The wind rushed between small cracks in the windows. Molly turned up some screaming music. As the angst poured from her speakers, I leaned backed into the leather seat feeling like a teenager for the first time in a long time. I had checked out of being a teen when I found out mom was dying. I wanted to completely cash in all the time I possibly could with her. I think now in a lot of ways having her as my only focus contributed to the destruction of me because everything I had was wrapped up in her needs and her comfort. If I could go back I would do it all the same. I knew I didn’t want to regret the time I didn’t spent with her.
Thick smoke filled my lungs, then slowly released.
“See, isn’t this better?” Molly asked, her voice time pitches higher and happier than it was the neglected parking lot.
“Oh yeah, not sure what the repercussions will be.”
“Nay, worry about that later.” Molly looked the joint carefully fro finger tips and brought it to her lips. Music, wind, and pot smoke surrounded me in padded bubble. My insides weren’t toxic. “So, I crashed out as a model and am forced to do the group. I just took my GED so maybe I’ll do junior college once I put myself back together again.”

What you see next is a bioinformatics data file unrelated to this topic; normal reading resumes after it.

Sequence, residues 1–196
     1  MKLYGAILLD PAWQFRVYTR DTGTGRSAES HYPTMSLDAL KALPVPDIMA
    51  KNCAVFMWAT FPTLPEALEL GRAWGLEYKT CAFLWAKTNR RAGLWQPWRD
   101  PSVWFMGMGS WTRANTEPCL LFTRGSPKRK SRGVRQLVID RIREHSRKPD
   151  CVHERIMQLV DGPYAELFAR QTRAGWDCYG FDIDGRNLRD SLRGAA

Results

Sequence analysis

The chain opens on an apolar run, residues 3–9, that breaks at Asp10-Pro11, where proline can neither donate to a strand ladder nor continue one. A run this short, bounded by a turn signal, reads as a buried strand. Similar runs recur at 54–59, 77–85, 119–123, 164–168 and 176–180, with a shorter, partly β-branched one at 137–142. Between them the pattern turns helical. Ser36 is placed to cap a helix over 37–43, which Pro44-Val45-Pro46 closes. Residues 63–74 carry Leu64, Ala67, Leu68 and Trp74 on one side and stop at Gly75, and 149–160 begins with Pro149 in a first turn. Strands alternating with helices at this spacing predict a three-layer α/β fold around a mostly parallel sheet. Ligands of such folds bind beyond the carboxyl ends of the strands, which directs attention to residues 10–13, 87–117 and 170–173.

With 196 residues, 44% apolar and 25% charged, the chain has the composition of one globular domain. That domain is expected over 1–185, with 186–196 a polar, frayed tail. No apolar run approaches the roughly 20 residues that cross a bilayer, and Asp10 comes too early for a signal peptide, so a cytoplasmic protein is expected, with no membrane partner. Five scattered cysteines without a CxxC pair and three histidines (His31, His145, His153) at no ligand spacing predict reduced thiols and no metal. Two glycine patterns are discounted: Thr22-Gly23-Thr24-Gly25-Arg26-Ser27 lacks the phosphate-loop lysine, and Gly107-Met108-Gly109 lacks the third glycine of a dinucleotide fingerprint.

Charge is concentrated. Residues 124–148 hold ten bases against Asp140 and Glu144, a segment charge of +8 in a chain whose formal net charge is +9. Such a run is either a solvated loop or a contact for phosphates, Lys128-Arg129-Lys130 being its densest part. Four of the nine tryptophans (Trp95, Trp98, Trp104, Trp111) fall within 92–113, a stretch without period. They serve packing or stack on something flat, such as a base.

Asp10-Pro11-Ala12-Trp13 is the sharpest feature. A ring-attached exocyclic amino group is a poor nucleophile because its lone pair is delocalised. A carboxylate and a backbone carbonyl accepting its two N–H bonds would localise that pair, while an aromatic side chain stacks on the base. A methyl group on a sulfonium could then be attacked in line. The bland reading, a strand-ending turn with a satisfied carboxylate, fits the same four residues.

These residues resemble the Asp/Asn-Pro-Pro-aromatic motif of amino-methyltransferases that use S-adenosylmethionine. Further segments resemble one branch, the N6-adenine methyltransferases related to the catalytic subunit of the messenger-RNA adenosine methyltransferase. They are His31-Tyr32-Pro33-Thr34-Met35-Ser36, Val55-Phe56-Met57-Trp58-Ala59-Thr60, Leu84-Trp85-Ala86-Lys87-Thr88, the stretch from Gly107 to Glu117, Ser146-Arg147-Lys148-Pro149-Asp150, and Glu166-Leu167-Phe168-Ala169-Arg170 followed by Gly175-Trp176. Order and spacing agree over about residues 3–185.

“How long has it been since you stopped modeling?” My finger grazed hers as I retrieved the joint. Her blue painted fingernails made my bare nails seem plain and uninteresting.
“Four months since I almost died. One month since I’ve been out of the rehab place.”
“Long, weird story.” Molly coughs on an inhale. “So,” she continues to choke a little bit, then clears her voice, “So, why are you in a group?”
“I smoke pot and don’t go school. My guardians don’t know what to do with me. ” A pang of guilt for not mentioning mom puled at the tips of my toes.